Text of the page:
What the Constitution Says About Rick Perry's Public Faith
Texas Governor Rick Perry and his prayer rally friends invited everyone to an event in Houston.
by Bob Kerstetter
Texas Governor Rick Perry and his prayer rally friends invited everyone to an event in Houston to seek the presence of God during troubling times. The US Constitution clearly allows this, saying “Congress shall make no law respecting an establishment of religion, or prohibiting the free exercise thereof…”
The US Constitution very clearly prohibits the government from legislating any religion as mandatory. It also prevents the government from silencing religion—private or public. That is the whole voice of the US Constitution as it relates to religion and government. From a constitutional point of view, in the US, all people can fearlessly practice their faith or no faith. The US Constitution supports religious pluralism.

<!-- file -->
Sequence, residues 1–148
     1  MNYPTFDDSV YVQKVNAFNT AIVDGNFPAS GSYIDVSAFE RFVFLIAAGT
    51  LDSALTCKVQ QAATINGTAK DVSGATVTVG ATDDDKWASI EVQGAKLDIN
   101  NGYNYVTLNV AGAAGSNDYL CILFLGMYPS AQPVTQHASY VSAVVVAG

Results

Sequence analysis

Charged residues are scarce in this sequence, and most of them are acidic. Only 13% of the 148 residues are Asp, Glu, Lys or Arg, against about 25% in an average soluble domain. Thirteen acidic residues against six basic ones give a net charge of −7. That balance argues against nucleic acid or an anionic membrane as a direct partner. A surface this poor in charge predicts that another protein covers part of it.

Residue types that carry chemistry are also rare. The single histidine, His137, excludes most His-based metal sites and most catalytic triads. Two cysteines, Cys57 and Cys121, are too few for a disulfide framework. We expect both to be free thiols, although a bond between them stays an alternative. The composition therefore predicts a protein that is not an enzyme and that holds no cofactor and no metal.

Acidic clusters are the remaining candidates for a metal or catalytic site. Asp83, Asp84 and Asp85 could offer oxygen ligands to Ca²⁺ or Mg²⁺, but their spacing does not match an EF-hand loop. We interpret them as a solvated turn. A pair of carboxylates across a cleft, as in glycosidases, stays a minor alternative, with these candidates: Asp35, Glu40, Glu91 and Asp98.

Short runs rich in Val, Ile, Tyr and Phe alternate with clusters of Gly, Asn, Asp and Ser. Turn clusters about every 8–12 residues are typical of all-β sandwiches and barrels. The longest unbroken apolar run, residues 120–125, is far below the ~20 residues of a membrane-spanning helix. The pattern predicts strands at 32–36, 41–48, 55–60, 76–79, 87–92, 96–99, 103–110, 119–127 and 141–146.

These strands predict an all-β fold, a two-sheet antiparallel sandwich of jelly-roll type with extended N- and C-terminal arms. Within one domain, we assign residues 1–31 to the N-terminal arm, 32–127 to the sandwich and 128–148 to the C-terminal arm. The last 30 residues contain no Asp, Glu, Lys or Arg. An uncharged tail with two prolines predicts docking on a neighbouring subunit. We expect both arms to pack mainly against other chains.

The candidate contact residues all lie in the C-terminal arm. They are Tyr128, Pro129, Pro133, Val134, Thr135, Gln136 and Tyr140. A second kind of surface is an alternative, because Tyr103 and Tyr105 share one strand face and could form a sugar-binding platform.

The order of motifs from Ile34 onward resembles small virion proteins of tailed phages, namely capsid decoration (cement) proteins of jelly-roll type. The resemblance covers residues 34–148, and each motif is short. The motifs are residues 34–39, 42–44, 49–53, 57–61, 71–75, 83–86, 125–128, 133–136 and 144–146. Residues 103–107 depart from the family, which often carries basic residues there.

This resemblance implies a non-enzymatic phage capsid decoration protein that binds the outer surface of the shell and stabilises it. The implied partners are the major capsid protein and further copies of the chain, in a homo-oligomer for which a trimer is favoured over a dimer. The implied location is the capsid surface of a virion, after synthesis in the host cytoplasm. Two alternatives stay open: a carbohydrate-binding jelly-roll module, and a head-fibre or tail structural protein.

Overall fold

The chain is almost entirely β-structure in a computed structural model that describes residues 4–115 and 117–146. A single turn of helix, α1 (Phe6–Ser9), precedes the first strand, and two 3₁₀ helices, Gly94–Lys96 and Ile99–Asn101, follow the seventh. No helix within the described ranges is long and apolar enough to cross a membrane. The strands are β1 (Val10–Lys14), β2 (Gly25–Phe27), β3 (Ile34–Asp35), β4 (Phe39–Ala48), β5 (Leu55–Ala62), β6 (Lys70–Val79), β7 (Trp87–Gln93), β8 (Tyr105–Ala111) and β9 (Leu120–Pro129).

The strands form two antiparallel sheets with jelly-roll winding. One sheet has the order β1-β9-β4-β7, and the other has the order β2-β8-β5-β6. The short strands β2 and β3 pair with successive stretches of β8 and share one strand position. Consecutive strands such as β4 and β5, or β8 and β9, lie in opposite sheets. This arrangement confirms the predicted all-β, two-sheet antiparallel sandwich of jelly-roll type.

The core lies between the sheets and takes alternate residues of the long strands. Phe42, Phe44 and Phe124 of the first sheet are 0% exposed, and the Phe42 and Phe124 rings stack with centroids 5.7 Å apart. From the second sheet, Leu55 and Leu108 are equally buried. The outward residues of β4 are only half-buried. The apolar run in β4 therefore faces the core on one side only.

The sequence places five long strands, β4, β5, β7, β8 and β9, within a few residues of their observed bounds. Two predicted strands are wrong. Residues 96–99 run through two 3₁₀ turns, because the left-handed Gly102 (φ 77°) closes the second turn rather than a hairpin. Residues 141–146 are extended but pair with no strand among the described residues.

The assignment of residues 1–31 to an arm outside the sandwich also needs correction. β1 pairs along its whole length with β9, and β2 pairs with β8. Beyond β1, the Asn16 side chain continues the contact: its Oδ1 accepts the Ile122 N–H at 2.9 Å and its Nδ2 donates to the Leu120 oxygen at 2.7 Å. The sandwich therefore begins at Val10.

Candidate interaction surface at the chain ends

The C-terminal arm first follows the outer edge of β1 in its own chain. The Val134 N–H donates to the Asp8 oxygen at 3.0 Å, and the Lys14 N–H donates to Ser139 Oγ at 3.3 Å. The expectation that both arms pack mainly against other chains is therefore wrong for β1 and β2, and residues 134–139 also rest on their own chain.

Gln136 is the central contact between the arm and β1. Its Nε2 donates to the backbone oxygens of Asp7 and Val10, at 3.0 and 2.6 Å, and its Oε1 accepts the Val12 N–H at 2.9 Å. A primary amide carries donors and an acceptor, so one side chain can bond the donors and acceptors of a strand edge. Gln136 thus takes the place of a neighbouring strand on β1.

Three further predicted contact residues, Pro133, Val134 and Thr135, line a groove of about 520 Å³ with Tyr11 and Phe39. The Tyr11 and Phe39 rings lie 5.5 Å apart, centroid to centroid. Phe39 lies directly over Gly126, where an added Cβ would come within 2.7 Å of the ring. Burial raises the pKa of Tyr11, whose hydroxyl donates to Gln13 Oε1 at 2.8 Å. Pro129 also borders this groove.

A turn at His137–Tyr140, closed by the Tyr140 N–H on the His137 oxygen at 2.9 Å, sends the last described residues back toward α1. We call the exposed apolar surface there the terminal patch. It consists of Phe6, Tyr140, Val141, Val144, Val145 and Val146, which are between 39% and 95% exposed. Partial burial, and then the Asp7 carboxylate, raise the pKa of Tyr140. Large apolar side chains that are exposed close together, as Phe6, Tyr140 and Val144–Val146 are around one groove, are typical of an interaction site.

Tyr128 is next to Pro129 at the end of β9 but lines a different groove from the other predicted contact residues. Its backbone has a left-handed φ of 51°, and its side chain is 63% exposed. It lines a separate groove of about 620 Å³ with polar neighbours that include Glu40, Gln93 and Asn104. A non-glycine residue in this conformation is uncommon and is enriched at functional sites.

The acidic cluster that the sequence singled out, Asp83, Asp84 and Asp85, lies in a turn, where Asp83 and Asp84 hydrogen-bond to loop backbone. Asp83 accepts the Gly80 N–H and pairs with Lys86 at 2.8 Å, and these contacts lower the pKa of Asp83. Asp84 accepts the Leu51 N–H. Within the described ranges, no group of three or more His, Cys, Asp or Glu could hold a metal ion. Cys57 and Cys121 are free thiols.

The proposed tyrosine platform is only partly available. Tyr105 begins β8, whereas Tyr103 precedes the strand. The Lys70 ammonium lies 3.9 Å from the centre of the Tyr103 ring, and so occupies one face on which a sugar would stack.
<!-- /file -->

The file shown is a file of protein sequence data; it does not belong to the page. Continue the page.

This protection from government imposed religion and government suppression of religion applies to all people—private citizens and elected politicians. Politicians, including Texas Governor Rick Perry, are permitted to practice their religion—or no religion—privately or publicly—with the same freedoms as other individuals.
While the Houston rally invited everyone, because the Texas governor and his prayer rally friends are Christian the Houston event naturally had a Christian feel, as compared to, for example, the faith of Shinto.
When in Japan we clap and bow as a sign of respect before entering a Shinto shrine. While this does not make us Shintoists—Shinto means “the way of the Gods”—neither does it make us particularly at home in a Shinto shrine. But that is okay. We still stand with our friends in Japan during their time of need. Likewise, it is okay for the Houston event to be Christian in tone. It is okay for non-Christians to accept this—not tolerate it, but accept it—feel a little uncomfortable and attend.